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READING WELL SCHEMES FROM SURREY LIBRARIES
Surrey Libraries, in conjunction with the Reading Agency, offer the following Reading Well schemes:

  • Reading Well for Mental Health
  • Books on Prescription: Dementia
  • Shelf Help
  • Reading Well for Long Term Conditions

The reading lists help people to understand and manage their health and wellbeing using self-help reading.

Find more information on Surrey Libraries website, www.surreycc.gov.uk/libraries/health-and-well-being-how-libraries-can-help/reading-well as well as a list of books for each scheme.

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HELP FOR THOSE IN NEED AND CRISIS SUPPORT FROM THE DIOCESE OF GUILDFORD  
The Diocese of Guildford has compiled a leaflet of useful contacts for helping those in need including contacts for debt advice, counselling, homelessness contacts, foodbank and emergency contact information. www.cofeguildford.org.uk/docs/default-source/default-document-library/crisis-support-foodbanks-homelessnessa10a5b4c90046456ad78ff0000437928.pdf?sfvrsn=0

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ACTIVE PROSPECTS AGREE INVESTMENT TO OFFER HOMES TO 18 PEOPLE WITH COMPLEX NEEDS
Active Prospects has agreed investment to offer homes to people with learning disabilities, autism, mental health needs, acquired brain injury and more complex needs. Find out more about the investment on Active Prospects website. https://activeprospects.org.uk/news/active-prospects-agree-substantial-investment-offer-homes-people-learning-disabilities/

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NEW SUPPORT/SOCIAL GROUP FOR AUTISTIC ADULTS IN NORTH CAMP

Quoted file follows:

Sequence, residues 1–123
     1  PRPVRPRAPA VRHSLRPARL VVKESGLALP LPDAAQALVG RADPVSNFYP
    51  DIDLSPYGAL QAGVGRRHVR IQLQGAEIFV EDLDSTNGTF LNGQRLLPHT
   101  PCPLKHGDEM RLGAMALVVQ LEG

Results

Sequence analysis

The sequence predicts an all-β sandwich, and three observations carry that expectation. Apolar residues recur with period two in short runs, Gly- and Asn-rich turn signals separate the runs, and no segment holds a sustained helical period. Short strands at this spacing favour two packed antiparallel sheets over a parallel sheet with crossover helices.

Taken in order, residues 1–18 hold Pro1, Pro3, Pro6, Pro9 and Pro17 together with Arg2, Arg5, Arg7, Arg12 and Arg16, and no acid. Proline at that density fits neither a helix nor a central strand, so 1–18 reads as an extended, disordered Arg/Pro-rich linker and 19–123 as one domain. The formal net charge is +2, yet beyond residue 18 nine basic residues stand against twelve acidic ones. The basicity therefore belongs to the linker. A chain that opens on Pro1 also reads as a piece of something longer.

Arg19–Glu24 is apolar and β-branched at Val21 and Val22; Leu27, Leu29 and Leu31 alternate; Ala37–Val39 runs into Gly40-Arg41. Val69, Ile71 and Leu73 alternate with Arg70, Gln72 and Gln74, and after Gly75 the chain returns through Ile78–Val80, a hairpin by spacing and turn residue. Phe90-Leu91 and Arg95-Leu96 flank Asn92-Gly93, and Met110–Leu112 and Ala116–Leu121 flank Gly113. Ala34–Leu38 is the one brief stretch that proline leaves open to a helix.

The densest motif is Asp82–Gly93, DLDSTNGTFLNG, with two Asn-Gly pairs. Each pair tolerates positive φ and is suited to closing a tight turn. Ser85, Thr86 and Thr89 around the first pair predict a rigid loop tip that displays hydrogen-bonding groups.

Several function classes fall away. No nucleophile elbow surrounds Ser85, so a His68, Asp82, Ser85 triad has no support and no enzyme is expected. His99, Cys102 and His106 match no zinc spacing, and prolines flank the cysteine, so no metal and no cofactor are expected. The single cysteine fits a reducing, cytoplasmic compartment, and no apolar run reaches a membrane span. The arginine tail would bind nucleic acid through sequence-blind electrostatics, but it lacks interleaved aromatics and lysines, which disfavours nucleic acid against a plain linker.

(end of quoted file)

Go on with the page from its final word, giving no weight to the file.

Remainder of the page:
The National Autistic Society’s (NAS) Surrey professional service has started a new group for adults with autism on the Surrey/Hampshire border, meeting in North Camp once a month on a Monday evening.

The group is for adults of all ages who wish to discuss issues relating to autism, share experiences and meet other adults with similar experiences. To be eligible to attend the group, you need to live within Surrey or the North East Hampshire Clinical Commissioning Group area (which includes Aldershot, Fleet, Farnborough and Farnham).

The group is not a drop-in, so you need to have made contact with the NAS before attending, although you do not need to be referred to the group by someone else. For more information, email: apsire.groups@nas.org.uk

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SHOUT – 24/7 CRISIS TEXT LINE INFORMATION
The national 24/7 crisis text line Shout is now available, text 85258. It is a safe space for anyone experiencing an emotional crisis where you are listened to by a trained Crisis Volunteer.  The 24/7 text service offers:

Support to take you from a hot moment to a calmer place
A service based on a tried and tested model of crisis support
An anonymous, free conversation that will not show on your phone bill
Professional support to create a simple plan of action to manage your crisis

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‘STROKE OF GENIUS’ PROJECT FOR STROKE AND BRAIN INJURY SURVIVORS
‘Stroke of Genius’ project www.thetherapygarden.org/get-involved/stroke-genius/ at The Therapy Garden in Normandy, Guildford offers social and therapeutic horticulture to stroke and brain injury survivors and their Carers and provides them with gentle exercise and physical activity whilst they learn about gardening.

The project offers an opportunity to socialise and connect with new people, whilst being inclusive of Carers.
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THRIVE – USING GARDENING TO CHANGE LIVES
Thrive use an approach called social and therapeutic horticulture www.thrive.org.uk/how-we-help/what-we-do/social-therapeutic-horticulture (STH), where our team of trained horticultural therapists work with plants and people to improve an individual’s physical and psychological health, communication and thinking skills.

For more information contact Thrive London. c/o Parks Office, Battersea Park, Albert Bridge Road, London. SW11 4NJ. Email: Battersea@thrive.org.uk  Telephone: 020 7720 2212.

YOU DON’T LOOK SICK: I’VE REALISED THAT LIVING WITH A DISABILITY IS NOT EMBARRASSING’ – Edited from metro.co.uk